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  • Case report
  • Open Access
  • Open Peer Review

An atypical presentation of cystic fibrosis: a case report

  • 1Email author,
  • 2,
  • 2 and
  • 1
Journal of Medical Case Reports20082:201

https://doi.org/10.1186/1752-1947-2-201

  • Received: 28 June 2007
  • Accepted: 12 June 2008
  • Published:
Open Peer Review reports

Abstract

Introduction

The presentation of cystic fibrosis is dependant upon which organs are affected. Common presentations include chronic respiratory infections and malabsorption. Patients with atypical disease tend to present late in childhood or as adults. Eye manifestations of cystic fibrosis are less well known.

Case presentation

A 14-year-old Caucasian boy presented with tiredness and difficulty seeing at night, over a period of 6 months. Good vision was only described in bright conditions. There was no history of jaundice, steatorrhea or diarrhoea.

Conclusion

This is the first reported case of newly diagnosed cystic fibrosis-related liver disease in a teenage boy, whose presenting symptom was night blindness secondary to vitamin A deficiency.

Keywords

  • Cystic Fibrosis
  • Autosomal Recessive Disease
  • Night Blindness
  • Xerophthalmia
  • Chronic Respiratory Infection

Introduction

Cystic fibrosis (CF) is the most common autosomal recessive disease in Northern Europe. This case highlights the broad spectrum of presentation of CF. Although the respiratory and gastro-intestinal symptoms are well recognised, the eye manifestations of CF are less well known. We describe a primary presentation of CF-related liver disease at age 14 in a boy presenting with night blindness secondary to vitamin A deficiency.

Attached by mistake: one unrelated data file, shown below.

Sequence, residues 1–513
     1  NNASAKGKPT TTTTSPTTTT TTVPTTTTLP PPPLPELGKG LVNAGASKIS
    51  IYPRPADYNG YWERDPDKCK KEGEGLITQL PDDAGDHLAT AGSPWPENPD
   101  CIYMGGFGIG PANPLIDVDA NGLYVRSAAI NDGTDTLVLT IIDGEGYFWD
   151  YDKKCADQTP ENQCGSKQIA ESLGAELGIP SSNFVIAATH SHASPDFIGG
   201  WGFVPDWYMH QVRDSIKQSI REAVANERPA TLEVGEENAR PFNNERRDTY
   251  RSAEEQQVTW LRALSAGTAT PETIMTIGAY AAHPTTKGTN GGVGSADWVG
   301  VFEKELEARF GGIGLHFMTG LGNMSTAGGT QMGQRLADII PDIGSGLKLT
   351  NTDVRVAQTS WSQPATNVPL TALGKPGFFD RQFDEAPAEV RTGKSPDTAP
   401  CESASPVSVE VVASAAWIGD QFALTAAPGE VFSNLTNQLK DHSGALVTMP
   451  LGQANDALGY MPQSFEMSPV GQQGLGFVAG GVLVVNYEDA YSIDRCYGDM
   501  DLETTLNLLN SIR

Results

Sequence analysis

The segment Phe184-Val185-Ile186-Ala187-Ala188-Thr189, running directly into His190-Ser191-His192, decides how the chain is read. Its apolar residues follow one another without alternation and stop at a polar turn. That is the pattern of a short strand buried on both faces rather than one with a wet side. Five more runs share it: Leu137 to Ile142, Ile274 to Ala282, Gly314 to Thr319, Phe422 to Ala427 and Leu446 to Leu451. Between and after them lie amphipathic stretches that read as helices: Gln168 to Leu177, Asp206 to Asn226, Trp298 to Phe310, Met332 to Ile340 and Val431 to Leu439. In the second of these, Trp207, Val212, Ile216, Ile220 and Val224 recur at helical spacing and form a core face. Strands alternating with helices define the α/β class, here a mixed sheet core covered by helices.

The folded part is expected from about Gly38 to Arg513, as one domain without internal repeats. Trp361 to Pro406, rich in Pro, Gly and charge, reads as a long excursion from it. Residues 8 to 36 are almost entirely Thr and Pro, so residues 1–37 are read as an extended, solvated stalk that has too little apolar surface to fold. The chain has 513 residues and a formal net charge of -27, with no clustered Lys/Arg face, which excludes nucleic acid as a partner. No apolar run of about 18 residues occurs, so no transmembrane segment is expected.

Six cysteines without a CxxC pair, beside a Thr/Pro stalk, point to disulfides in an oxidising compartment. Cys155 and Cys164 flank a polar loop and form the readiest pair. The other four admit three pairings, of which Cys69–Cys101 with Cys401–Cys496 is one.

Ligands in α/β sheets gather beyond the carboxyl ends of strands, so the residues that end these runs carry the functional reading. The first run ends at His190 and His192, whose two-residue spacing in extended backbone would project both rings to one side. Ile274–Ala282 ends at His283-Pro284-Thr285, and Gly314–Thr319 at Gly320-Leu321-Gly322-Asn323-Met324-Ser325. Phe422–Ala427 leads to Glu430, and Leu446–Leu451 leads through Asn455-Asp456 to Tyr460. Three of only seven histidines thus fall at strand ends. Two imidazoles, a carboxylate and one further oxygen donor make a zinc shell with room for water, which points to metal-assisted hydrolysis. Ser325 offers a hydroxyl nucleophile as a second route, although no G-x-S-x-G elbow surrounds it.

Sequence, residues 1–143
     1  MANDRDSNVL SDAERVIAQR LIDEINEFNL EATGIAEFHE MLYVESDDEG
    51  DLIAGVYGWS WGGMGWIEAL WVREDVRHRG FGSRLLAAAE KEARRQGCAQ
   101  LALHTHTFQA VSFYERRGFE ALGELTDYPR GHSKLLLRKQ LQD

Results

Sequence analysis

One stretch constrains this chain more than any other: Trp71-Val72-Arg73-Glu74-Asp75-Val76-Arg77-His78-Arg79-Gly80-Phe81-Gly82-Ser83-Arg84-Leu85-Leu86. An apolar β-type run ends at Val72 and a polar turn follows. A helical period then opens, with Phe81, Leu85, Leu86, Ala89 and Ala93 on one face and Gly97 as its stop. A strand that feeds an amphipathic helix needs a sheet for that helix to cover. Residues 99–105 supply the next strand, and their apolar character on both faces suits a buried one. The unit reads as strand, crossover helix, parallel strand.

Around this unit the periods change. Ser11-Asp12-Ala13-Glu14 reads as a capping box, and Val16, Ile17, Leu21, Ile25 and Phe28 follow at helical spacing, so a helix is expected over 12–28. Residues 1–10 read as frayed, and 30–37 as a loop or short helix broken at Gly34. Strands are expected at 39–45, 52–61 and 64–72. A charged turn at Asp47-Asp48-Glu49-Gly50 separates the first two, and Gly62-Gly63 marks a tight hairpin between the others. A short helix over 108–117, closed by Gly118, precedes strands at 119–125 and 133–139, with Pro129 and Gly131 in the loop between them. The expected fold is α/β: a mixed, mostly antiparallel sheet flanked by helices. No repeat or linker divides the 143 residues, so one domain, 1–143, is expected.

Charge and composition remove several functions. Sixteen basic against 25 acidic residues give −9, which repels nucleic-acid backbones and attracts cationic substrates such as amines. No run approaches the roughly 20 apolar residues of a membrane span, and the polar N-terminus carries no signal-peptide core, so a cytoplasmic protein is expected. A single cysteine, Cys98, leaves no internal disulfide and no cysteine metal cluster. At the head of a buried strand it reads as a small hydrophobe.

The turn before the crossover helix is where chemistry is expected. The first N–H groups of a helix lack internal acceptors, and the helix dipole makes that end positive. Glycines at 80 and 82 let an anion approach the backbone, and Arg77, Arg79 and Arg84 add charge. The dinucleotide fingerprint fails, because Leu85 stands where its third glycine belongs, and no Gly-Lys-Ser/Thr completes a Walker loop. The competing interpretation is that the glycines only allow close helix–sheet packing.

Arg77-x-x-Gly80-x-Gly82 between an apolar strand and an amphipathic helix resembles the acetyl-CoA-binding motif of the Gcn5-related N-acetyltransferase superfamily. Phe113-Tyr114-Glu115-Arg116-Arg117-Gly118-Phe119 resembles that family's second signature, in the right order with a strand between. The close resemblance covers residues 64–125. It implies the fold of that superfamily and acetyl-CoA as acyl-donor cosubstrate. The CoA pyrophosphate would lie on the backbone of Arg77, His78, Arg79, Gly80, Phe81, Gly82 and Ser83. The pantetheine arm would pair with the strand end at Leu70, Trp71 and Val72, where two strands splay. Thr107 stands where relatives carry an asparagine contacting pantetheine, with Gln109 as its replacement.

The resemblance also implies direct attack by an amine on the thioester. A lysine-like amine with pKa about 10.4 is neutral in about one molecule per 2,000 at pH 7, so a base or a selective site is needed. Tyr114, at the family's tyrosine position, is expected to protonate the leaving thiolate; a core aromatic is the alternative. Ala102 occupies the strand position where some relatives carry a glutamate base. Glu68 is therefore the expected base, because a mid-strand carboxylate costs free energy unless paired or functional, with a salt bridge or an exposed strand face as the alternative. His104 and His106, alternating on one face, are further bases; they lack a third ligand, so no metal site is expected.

Case presentation

A 14-year-old Caucasian boy presented with tiredness and difficulty seeing at night, over a period of 6 months. He described good vision only in bright conditions. No past medical history was noted, but he did describe intermittent abdominal discomfort. There was no history of jaundice, steatorrhea or diarrhoea. The patient had presented to his general practitioner with the same symptoms and had been empirically commenced on oral vitamin A supplements, before being referred to local hospital services. Clinical examination revealed clubbing of the hands and feet, and gynaecomastia. His liver was not tender but palpable 3 cm below the right costal margin. Respiratory examination was unremarkable. Eye examination revealed bilateral Bitot's spots. Serological evaluation revealed an albumin of 22 g/l (normal range (NR) = 35 to 50 g/l), bilirubin of 34 μmol/l (NR = 0 to 17 μmol/l), alkaline phosphatase of 693 IU/l (NR = 116 to 483 IU/l), aspartate aminotransferase of 112 IU/l (NR = 1 to 50 IU/L), gamma-glutamyltranspeptidase of 158 IU/l (NR = 1 to 55 IU/l), and an international normalised ratio of 1.32 (NR = 0.9 to 1.2). Serum vitamin A levels were at the lower end of normal, at 0.32 μmol/l (NR = 0.3 to 4.5 μmol/l). Tests for pancreatic endocrine and exocrine function were normal.